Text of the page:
Jha, B. (2019, October 20). LNG tankers – different types and dangers involved. Retrieved May 05, 2021, from https://www.marineinsight.com/types-of-ships/lng-tankers-different-types-and-dangers-involved/
Good Evening Class,
There are many factors to consider when creating a Vessel Security Assessment. There are even more when you are developing an assessment for a vessel that carries liquid natural gas. Now the basics of the assessment do not drastically change, just specific factors do. The biggest factor thats different is the type of cargo. Other than the cargo being extreme dangerous, liquid natural gas can only be handled at specific ports. After reading the details on marine insight, author Hiteshk, states multiple keys points that should be required for a vessel assessment. The first is identifying shipboard operations and the security measures that they need. Now, I conduct security inspections for the Coast Guard, and all of these vessels need the same security measures. Some of these measures are that they need to have someone watching the brow at all times while in port. They need to have all restricted spaces locked. The also have anti pirate equipment, such as barbwire. Some vessels have mannequins with air soft guns taped to them to look like security to deter pirates. Due to the factor of having dangerous cargo, I would request to have an escort from the Coast Guard to shoulder the vessel while it enters port. This way it would help prevent other vessels from getting to close.
Next, Hiteshk states that you need to identify weaknesses. A big part of this is understanding not only the vulnerabilities of the boat. but the issues of the port. Many ports around the world do not have the same level of standards as we do in the United States. My Lieutenant Commander was a Merchant Marine and he said that in many African ports there are people lined up waiting for the boat to moor just to try to climb up the lines. They would just use long poles to push them off. Also, there is corruption in many ports where the tug and dock workers need to be bribed to work. During my inspections, I have found rooms that are full of cigarettes. This is a clue that they need to pay people off.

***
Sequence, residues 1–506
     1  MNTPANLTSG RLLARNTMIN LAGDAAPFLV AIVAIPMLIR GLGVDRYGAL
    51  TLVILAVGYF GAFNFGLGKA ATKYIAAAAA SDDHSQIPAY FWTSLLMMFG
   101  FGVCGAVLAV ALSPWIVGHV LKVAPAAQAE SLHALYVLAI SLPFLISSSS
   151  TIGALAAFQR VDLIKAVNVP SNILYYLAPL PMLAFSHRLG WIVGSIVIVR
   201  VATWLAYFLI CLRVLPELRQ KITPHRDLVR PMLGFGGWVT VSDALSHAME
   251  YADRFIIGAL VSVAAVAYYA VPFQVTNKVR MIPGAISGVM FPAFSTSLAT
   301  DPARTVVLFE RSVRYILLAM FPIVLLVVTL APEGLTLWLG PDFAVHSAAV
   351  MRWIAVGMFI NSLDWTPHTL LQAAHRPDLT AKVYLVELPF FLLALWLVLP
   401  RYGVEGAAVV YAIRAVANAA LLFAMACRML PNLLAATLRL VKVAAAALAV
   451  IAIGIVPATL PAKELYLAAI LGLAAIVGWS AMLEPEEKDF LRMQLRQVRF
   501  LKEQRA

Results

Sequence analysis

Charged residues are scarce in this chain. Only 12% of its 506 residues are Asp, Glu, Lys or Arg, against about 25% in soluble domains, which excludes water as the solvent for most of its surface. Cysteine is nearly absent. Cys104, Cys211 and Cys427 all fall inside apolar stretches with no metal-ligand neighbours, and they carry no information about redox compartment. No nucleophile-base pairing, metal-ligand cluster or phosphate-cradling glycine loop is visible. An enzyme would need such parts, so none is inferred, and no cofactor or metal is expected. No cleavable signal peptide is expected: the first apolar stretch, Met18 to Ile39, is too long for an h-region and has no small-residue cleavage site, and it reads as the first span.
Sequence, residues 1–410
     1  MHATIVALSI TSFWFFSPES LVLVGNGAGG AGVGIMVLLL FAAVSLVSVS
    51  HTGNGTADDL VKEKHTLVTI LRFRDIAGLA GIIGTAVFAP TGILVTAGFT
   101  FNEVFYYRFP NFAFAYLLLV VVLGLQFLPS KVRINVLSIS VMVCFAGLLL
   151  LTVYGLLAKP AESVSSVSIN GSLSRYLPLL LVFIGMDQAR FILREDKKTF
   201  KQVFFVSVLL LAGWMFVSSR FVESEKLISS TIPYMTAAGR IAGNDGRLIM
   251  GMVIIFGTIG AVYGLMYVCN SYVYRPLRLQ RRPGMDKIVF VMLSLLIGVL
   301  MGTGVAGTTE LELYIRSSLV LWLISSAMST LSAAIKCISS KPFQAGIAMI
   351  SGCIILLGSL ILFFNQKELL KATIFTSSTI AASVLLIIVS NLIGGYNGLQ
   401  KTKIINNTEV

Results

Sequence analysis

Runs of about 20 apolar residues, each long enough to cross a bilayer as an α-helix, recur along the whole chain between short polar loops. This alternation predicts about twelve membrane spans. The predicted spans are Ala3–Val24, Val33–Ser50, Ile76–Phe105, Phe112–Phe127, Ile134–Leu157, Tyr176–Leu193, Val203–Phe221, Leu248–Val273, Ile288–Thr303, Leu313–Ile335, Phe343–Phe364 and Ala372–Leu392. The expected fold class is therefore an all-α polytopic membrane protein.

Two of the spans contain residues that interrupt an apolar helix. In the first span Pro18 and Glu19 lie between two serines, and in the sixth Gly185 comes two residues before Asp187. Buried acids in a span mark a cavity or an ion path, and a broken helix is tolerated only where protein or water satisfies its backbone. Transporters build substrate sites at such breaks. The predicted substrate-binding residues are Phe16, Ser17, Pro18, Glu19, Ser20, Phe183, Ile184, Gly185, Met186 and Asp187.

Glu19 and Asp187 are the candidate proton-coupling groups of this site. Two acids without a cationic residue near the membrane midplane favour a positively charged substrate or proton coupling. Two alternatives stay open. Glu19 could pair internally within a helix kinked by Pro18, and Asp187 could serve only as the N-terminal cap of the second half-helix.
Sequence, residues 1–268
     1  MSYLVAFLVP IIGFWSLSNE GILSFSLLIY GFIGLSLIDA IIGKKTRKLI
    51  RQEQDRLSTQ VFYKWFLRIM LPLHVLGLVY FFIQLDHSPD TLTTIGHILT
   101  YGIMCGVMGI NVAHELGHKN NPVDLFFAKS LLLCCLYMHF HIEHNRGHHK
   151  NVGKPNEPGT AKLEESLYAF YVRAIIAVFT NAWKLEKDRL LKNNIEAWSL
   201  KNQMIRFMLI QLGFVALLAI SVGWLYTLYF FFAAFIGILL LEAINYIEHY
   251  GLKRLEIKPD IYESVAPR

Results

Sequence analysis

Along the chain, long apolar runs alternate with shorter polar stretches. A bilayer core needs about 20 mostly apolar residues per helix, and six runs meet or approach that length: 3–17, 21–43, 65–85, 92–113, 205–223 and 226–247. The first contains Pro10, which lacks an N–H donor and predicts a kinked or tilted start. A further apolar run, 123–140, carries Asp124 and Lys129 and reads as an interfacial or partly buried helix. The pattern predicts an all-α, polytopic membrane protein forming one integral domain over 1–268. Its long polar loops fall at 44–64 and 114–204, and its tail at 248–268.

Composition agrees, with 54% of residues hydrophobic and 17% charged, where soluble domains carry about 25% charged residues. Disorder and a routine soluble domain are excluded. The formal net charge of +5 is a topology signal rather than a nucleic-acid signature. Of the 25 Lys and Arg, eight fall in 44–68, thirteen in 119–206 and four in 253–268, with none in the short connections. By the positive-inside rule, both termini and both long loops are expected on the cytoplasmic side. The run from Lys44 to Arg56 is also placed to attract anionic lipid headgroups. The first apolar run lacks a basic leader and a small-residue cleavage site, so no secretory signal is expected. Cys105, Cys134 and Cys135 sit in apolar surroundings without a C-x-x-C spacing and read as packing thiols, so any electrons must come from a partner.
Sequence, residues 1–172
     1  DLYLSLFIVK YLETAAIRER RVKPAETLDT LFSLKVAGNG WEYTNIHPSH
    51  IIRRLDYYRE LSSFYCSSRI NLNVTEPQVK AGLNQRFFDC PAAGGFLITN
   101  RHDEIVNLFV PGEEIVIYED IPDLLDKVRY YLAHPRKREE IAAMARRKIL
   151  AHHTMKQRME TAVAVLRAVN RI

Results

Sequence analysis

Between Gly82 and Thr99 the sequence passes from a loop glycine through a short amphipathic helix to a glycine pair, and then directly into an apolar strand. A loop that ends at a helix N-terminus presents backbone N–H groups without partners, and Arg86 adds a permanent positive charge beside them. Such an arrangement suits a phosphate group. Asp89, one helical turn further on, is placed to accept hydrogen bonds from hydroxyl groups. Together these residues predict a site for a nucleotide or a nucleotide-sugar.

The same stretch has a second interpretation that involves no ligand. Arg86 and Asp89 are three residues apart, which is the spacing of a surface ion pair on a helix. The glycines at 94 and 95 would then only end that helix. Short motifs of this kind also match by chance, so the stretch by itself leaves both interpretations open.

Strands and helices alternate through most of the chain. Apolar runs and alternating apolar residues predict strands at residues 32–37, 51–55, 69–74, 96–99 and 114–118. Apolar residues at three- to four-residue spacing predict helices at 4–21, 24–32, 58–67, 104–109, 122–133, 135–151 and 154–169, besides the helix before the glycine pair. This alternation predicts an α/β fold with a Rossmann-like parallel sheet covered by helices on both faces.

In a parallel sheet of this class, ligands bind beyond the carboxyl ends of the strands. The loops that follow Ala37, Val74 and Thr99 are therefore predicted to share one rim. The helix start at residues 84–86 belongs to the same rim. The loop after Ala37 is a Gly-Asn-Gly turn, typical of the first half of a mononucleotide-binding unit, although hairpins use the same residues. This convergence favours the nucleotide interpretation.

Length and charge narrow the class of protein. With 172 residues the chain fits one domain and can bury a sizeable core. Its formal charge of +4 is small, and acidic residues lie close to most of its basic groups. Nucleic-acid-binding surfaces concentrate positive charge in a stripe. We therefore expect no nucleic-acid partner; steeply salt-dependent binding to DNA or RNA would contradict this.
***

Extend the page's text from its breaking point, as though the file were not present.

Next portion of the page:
Next in the human factors, which include the vessel workers. As the Vessel Security Officer, you create policies and put plans into place. You need to make sure that the workers are following those policies. Finally, you need plan for different scenarios. Now that you have plans in place, the vessel workers need to practice. There should be table top and practical exercises to make sure that the plans not only work but the workers know what to do. To use my earlier example of the barbwire to assist in a pirate situation, the crew needs to know where the barbwire is and how to mount it.
All of the elements are very important. In my last weeks post, I stated that our greatest threat is that we have so many. You will never be able to prevent or plan for every situation. However, as a Vessel Security Officer, you can identify to most potential threats, make a plan, and practice it.
Hiteshk. (2019, October 11). What is Ship Security Assessment (SSA)? Retrieved from https://www.marineinsight.com/marine-safety/what-is-ship-security-assessment-ssa/